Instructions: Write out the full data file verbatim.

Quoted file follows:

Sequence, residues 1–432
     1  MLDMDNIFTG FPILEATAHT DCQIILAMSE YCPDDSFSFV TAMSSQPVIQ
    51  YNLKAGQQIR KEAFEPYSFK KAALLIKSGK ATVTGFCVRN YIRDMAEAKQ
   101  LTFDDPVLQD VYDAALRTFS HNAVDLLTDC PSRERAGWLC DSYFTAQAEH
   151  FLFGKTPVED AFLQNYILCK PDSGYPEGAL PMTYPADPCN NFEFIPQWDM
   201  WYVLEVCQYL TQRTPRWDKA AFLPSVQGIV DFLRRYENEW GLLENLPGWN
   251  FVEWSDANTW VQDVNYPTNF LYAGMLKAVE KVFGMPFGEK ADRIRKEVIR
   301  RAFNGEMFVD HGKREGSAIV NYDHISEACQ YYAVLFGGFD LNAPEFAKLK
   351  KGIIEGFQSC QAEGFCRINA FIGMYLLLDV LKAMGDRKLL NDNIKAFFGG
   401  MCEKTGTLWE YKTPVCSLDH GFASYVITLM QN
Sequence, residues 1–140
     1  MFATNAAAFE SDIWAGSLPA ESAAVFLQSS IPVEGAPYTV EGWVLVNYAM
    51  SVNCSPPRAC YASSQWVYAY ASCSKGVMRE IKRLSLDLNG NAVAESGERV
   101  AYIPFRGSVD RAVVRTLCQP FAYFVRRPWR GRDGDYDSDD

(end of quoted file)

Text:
Sequence, residues 1–432
     1  MLDMDNIFTG FPILEATAHT DCQIILAMSE YCPDDSFSFV TAMSSQPVIQ
    51  YNLKAGQQIR KEAFEPYSFK KAALLIKSGK ATVTGFCVRN YIRDMAEAKQ
   101  LTFDDPVLQD VYDAALRTFS HNAVDLLTDC PSRERAGWLC DSYFTAQAEH
   151  FLFGKTPVED AFLQNYILCK PDSGYPEGAL PMTYPADPCN NFEFIPQWDM
   201  WYVLEVCQYL TQRTPRWDKA AFLPSVQGIV DFLRRYENEW GLLENLPGWN
   251  FVEWSDANTW VQDVNYPTNF LYAGMLKAVE KVFGMPFGEK ADRIRKEVIR
   301  RAFNGEMFVD HGKREGSAIV NYDHISEACQ YYAVLFGGFD LNAPEFAKLK
   351  KGIIEGFQSC QAEGFCRINA FIGMYLLLDV LKAMGDRKLL NDNIKAFFGG
   401  MCEKTGTLWE YKTPVCSLDH GFASYVITLM QN
Sequence, residues 1–140
     1  MFATNAAAFE SDIWAGSLPA ESAAVFLQSS IPVEGAPYTV EGWVLVNYAM
    51  SVNCSPPRAC YASSQWVYAY ASCSKGVMRE IKRLSLDLNG NAVAESGERV
   101  AYIPFRGSVD RAVVRTLCQP FAYFVRRPWR GRDGDYDSDD